“The direct primary also has its shortcomings. For instance, the list is endlessly long. People could be recruited from outside the party to participate in the exercise, in view of the large number often expected to participate. To guard against such occurrence, the party must have a comprehensive list of card-carrying members.

“If the party can restrict its list to very watchful and vigilant eyes, by making sure that non-members do not take part in the exercise. Outsiders who are not members can easily be fished out when the committee responsible for the primary is centrally controlled.”

The chieftain maintained that the best way aspirants can test their popularity is to go through direct primary. He said it is only candidates who are not popular that usually wants short cuts, because they can pay the price that is being demanded from them.

He added: “That is why those of us in Edo State, for instance, are clamouring for direct primary. If the governor thinks that he is popular, let him go for it. We are aware that the governor is the one in-charge of the party executive, the party’s State Working Committee (SWC) when it comes to choosing those to attend the congress.”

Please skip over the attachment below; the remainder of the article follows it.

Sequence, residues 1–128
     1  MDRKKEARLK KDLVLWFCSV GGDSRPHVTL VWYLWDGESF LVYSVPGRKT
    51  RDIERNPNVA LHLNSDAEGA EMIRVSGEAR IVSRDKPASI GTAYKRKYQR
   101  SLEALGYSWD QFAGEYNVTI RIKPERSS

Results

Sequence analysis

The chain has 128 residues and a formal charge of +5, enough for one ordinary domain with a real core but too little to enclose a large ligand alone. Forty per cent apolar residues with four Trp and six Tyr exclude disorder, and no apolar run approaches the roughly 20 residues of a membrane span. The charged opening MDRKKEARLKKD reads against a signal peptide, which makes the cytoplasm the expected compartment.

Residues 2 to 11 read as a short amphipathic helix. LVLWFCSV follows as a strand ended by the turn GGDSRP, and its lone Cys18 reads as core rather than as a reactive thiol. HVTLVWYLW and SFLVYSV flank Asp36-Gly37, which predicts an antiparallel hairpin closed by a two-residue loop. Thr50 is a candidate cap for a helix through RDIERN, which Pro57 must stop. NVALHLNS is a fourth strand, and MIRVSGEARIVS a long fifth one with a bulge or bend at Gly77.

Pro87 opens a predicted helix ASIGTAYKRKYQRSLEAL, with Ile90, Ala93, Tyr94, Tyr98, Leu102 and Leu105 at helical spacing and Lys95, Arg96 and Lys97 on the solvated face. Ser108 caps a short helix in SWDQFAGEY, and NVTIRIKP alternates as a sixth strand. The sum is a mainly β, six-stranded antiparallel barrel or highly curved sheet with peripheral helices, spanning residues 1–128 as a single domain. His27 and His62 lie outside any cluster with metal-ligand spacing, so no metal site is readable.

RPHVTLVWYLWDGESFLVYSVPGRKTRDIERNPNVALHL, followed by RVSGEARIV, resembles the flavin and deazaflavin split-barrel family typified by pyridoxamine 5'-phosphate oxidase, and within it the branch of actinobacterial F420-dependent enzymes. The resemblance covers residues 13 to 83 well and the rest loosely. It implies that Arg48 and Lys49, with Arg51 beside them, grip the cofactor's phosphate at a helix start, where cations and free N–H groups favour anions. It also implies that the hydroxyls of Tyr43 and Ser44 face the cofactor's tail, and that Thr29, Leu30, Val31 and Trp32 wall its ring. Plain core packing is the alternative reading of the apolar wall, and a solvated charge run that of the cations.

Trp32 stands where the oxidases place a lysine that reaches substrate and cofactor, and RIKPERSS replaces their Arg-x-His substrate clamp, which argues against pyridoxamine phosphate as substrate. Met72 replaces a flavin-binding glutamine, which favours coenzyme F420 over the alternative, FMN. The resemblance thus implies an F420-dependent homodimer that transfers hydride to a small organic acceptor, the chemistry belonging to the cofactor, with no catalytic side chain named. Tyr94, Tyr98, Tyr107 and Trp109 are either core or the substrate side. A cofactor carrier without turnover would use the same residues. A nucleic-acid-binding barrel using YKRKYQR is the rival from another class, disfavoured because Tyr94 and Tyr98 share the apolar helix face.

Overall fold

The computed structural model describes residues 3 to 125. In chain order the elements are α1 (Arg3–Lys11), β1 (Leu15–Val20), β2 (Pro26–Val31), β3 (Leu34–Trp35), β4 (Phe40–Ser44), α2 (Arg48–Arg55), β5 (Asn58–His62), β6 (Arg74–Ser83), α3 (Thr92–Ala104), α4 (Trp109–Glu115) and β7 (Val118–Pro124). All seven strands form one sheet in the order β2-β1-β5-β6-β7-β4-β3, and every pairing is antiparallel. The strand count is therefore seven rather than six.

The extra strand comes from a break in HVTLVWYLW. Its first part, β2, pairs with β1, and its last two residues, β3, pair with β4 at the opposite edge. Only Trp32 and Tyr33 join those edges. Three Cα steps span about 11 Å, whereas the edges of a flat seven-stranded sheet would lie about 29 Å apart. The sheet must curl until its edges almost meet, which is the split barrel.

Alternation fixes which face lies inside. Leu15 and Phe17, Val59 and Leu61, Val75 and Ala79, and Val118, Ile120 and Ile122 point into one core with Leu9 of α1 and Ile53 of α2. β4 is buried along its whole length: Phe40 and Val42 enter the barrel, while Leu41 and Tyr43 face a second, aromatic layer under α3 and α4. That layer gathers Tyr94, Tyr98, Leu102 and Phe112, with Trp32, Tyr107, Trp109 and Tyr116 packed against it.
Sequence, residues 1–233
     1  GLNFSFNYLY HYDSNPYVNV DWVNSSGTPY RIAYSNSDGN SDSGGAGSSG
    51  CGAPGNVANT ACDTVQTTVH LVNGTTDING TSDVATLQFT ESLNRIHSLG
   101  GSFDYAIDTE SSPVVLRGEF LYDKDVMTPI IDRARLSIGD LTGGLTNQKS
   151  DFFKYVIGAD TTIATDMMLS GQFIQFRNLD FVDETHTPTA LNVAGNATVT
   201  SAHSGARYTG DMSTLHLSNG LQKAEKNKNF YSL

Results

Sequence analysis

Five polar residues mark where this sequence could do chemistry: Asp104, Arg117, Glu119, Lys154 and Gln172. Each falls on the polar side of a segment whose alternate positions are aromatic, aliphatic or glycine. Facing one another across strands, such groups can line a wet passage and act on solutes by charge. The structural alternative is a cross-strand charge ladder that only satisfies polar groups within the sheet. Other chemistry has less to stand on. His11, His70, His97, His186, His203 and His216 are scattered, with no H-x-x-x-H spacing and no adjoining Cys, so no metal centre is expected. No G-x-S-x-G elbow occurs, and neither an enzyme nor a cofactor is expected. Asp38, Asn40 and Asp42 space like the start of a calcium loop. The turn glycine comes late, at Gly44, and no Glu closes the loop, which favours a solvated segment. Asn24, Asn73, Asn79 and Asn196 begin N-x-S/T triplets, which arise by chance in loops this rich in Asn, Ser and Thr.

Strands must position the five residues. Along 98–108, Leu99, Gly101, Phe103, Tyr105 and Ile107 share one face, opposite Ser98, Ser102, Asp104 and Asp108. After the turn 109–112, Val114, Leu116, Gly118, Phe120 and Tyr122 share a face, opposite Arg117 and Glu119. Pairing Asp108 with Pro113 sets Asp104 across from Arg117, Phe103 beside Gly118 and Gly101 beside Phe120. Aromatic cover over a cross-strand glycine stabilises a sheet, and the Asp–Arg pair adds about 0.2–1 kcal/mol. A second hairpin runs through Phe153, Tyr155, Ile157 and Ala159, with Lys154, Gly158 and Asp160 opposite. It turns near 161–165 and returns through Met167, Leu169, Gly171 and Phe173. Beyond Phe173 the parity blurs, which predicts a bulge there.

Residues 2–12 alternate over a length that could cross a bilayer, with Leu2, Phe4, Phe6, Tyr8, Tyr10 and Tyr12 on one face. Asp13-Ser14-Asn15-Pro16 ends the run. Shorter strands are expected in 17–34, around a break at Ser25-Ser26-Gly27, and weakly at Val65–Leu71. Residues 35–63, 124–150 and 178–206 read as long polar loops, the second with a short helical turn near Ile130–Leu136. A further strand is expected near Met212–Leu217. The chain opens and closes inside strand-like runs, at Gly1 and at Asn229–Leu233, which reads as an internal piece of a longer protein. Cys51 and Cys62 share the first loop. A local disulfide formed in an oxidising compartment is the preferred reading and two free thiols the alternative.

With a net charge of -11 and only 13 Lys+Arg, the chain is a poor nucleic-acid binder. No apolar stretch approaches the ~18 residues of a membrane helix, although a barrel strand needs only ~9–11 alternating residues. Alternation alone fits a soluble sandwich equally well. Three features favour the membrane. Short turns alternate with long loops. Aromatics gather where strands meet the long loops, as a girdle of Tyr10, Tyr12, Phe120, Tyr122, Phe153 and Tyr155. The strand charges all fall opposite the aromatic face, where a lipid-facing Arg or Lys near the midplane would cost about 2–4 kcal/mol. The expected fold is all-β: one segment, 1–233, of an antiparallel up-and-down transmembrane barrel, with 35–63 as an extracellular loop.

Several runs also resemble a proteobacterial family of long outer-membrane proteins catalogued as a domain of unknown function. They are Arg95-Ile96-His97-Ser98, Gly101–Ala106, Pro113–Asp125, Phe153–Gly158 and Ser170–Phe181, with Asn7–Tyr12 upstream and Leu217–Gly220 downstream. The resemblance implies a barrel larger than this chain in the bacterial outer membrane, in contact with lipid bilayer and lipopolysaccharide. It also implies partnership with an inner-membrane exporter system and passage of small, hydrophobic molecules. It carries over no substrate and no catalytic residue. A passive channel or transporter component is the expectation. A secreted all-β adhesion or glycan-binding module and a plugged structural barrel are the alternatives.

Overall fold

Stakeholders say if members of the executive that usually constitute the greater part of the delegates could must over 50 per cent of those who will participate, it is obvious that such a governor will carry the day. A stakeholder who does not want his name in print said: “In Kogi, for instance, the governor, we learnt, has been settling party chieftains who will be part of the delegates. He understands very well what he wants and has designed the pattern to follow that would make him realize his plans.

“But the bottom line is that it is practically impossible to induce every card-carrying member of the party when direct primary is used. But, from past experience, you can lodge all the delegates involved in indirect primary in choice place and start inducing them prior to the exercise.

“In Kogi, the man is really taking care of the politicians and if they go through indirect primary, it will favour the governor. The governor has everything within his control. Those clamouring for indirect primary are doing that in the interest of some persons who have vested interest in his emergence.”

The National Chairman of United Progressive Party (UPP), Chief Chekwas Okorie, said the direct primary is the less costly in picking party candidates. He added that the large crowd associated with the use of direct primary has no place in indirect primary.

He said: “The direct primary, as a matter of fact, is more participatory and democratic. But, at the same time, because every card-carrying member is a delegate, we will be contending with a large crowd. This will eventually overwhelm the committee that will be sent there to conduct the primary. What you will get at the end of the day will be a whole lot of confusion and protest.

“Every state where the APC used direct primary during the last general elections ended on a sour note. I can tell you that none went smoothly and I saw it coming. But when you have party candidates, in the normal way things should be, definitely protests and other bickering will be eliminated.